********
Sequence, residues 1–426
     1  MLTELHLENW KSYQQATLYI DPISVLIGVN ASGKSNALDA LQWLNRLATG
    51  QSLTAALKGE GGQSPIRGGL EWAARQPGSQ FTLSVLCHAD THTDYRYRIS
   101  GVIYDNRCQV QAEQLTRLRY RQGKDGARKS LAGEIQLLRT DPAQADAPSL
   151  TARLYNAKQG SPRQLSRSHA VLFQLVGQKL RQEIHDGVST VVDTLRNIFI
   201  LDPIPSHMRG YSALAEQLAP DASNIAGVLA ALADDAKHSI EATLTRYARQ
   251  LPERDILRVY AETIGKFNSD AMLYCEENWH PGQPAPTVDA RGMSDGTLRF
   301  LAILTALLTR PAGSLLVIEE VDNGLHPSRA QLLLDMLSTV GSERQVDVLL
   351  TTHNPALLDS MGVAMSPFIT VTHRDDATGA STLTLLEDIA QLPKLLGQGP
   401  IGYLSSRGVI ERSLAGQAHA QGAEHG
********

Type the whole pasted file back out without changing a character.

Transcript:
Sequence, residues 1–426
     1  MLTELHLENW KSYQQATLYI DPISVLIGVN ASGKSNALDA LQWLNRLATG
    51  QSLTAALKGE GGQSPIRGGL EWAARQPGSQ FTLSVLCHAD THTDYRYRIS
   101  GVIYDNRCQV QAEQLTRLRY RQGKDGARKS LAGEIQLLRT DPAQADAPSL
   151  TARLYNAKQG SPRQLSRSHA VLFQLVGQKL RQEIHDGVST VVDTLRNIFI
   201  LDPIPSHMRG YSALAEQLAP DASNIAGVLA ALADDAKHSI EATLTRYARQ
   251  LPERDILRVY AETIGKFNSD AMLYCEENWH PGQPAPTVDA RGMSDGTLRF
   301  LAILTALLTR PAGSLLVIEE VDNGLHPSRA QLLLDMLSTV GSERQVDVLL
   351  TTHNPALLDS MGVAMSPFIT VTHRDDATGA STLTLLEDIA QLPKLLGQGP
   401  IGYLSSRGVI ERSLAGQAHA QGAEHG